“We had, but not much. Israeli entrepreneur Gigi Levy-Weiss invested a certain sum and was a strategic partner (that allowed the company to collaborate with tech giants like Facebook, etc.). At a later stage Mikhael Mirilashvili, my brother Iliya’s father-in-law, entered as an investor. But we were already at a decent size by the time they entered the picture.”


“Is half a billion a missed opportunity?”


In 2017, when the Torpiashvili twins were 34, the exit arrived. By then Plarium already had millions of users around the world, and was sold to Australian Leisure Limited, the world’s largest poker machine manufacturer. The deal, for half a billion dollars in cash, was considered at the time as huge and phenomenal.


When you see people in high tech raising funds and completing initial public offerings (IPOs) at insane valuations, like for example, which are estimated to sell six times less than you do and went public at a $7 billion valuation, don’t you feel like your deal could have been better?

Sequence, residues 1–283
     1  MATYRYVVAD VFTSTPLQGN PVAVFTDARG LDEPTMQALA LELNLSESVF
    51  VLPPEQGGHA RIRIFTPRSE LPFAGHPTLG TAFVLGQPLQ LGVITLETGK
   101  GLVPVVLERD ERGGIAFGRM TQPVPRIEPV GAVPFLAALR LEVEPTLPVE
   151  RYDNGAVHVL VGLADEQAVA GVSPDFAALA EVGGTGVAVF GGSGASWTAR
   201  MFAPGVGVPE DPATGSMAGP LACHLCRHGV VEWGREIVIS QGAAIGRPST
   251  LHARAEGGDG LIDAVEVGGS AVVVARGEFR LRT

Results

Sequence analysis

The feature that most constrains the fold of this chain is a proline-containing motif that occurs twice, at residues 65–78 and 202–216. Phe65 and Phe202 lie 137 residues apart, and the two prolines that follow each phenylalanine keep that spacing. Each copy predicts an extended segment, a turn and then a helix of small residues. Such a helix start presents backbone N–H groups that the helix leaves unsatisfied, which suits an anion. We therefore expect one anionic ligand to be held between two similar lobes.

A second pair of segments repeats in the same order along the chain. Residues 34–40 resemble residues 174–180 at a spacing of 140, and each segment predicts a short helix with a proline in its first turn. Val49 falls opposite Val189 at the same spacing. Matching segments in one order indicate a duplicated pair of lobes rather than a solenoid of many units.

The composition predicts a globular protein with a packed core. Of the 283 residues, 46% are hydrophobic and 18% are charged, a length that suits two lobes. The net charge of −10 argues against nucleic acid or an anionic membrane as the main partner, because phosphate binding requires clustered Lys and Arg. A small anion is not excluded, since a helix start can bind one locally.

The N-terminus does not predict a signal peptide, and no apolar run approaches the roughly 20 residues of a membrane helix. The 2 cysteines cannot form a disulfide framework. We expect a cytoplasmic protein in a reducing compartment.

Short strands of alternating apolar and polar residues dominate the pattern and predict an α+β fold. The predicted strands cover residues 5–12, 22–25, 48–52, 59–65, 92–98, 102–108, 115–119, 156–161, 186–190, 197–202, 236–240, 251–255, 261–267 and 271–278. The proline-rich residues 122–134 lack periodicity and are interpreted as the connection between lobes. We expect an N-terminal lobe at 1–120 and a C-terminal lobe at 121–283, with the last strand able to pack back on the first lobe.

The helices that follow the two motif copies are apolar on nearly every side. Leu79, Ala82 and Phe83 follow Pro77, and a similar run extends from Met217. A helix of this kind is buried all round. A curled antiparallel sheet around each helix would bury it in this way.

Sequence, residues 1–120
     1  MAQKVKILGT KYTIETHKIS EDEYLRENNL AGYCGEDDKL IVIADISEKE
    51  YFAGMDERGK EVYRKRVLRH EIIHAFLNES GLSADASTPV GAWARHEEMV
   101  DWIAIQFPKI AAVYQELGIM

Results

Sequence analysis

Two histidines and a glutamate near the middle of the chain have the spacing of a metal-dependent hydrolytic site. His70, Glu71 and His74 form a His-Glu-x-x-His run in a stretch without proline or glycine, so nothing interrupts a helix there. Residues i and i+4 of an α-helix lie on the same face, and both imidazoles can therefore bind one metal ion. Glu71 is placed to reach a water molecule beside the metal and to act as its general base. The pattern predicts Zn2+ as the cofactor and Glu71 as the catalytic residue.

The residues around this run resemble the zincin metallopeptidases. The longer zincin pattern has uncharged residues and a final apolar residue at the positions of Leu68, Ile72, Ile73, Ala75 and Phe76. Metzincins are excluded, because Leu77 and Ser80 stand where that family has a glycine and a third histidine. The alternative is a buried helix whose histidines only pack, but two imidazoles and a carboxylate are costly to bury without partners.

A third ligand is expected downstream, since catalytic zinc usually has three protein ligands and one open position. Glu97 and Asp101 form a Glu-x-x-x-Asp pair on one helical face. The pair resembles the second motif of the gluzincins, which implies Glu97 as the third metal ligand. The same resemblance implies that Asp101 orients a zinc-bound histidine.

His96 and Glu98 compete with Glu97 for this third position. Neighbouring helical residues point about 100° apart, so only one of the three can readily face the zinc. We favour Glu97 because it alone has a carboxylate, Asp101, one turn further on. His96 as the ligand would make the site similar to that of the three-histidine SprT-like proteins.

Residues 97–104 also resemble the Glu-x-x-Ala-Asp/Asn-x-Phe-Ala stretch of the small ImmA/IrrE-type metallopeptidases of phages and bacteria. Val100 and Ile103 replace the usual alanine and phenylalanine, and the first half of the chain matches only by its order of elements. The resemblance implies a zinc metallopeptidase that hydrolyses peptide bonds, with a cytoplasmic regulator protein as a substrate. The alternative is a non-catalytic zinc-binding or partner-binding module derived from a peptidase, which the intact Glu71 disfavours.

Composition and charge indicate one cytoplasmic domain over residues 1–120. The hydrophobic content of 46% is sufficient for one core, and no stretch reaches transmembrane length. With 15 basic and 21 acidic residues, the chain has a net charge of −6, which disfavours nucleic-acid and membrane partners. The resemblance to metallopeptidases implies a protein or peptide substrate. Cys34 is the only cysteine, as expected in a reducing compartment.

“I can’t say that. Back then, it was amazing, a dream. To wait three or five years would have meant taking a risk. To grow from nothing to this is big enough.”


What did you have to consider?


“Well, we knew that the company is stable and of high-quality, but also knew that not every game succeeds. No one can guarantee that the next game will be a hit, or whether it will be worth tens or hundreds of millions of dollars. For every success, there are dozens of failures. That’s why we always worked on developing a few games simultaneously, and Plarium has plenty of development studios with different approaches. Waiting to sell is also a risk, and we thought that since we can’t predict the future, this offer was good for everyone.”